Preserving indigenous traditions in digital form
A complete picture of U.S. history requires the information held in tribal archives, libraries, and museums (TALMs). While many major libraries and museums now digitize their collections for access and use, many TALMs lack the resources to do so. In addition, traditional content management systems are organized under Western standards, not allowing for local narrations and other cultural practices and protocols important to archiving Native heritage.
Digitally preserving and sharing stories, artifacts, and images from diverse cultures is important in a technologically advancing world. WSU researcher Kim Christen is ensuring that digital history includes Native American voices stored and accessed in culturally responsible ways.
Helping tribal communities build and maintain digital archives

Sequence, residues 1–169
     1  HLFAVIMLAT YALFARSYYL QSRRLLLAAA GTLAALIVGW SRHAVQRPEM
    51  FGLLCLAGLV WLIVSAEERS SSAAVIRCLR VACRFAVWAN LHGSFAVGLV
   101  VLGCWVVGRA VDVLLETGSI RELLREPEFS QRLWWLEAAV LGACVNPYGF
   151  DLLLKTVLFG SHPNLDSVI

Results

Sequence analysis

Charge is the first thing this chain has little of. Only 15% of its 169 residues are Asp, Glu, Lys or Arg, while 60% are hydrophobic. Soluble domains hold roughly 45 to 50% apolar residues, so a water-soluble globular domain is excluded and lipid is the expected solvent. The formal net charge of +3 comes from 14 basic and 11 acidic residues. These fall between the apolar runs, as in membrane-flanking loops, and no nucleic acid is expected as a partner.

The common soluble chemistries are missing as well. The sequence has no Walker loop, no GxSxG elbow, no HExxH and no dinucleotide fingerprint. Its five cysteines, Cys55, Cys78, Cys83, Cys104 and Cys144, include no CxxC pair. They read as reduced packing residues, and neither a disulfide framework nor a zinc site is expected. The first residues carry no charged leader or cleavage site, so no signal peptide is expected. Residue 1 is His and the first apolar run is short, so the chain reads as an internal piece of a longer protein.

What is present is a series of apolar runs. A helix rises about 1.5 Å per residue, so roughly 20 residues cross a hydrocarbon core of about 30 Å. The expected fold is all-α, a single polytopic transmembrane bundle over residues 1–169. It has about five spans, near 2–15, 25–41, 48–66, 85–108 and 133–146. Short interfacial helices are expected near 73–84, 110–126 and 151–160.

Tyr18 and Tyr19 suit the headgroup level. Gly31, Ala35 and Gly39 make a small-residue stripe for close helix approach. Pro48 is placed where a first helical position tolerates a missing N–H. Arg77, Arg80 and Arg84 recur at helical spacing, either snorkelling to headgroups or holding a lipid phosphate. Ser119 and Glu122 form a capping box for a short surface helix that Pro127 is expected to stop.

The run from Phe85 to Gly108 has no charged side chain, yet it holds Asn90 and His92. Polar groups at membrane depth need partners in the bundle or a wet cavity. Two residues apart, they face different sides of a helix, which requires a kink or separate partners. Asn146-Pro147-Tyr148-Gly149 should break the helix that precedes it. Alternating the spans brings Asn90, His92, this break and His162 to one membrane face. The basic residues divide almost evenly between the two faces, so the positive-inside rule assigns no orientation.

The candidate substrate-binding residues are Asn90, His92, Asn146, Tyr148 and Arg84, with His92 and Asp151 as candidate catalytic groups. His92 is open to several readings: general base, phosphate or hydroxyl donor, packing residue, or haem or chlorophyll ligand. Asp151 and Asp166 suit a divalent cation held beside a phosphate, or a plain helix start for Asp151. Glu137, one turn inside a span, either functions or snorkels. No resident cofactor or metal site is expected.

Dr. Christen has partnered with WSU Libraries to train tribal communities in the lifecycle of digital stewardship. Together they are hosting a multi-year Tribal Stewardship Cohort Program, supported by a grant from the Institute of Museum and Library Services (IMLS).
Central to the program is Mukurtu CMS, a content management system that Dr. Christen originally developed several years ago for the Warumungu Aboriginal community in Australia. The sustainable, scalable software platform is now used around the world to help indigenous peoples circulate, manage, and narrate materials following their cultural practices. The cohort program teaches tribal communities how to implement and use Mukurtu in their home institutions.
Taking digital preservation nationwide
Dr. Christen’s most recent grant from the IMLS will allow her to launch Mukurtu hubs around the country, in partnership with several universities and libraries. The hubs will provide training and support to TALMs, and ongoing development and deployment of the Mukurtu platform.
Dr. Christen’s work on Mukurtu is part of the Center for Digital Scholarship and Curation, which she leads at WSU with co-director Trevor Bond from WSU Libraries.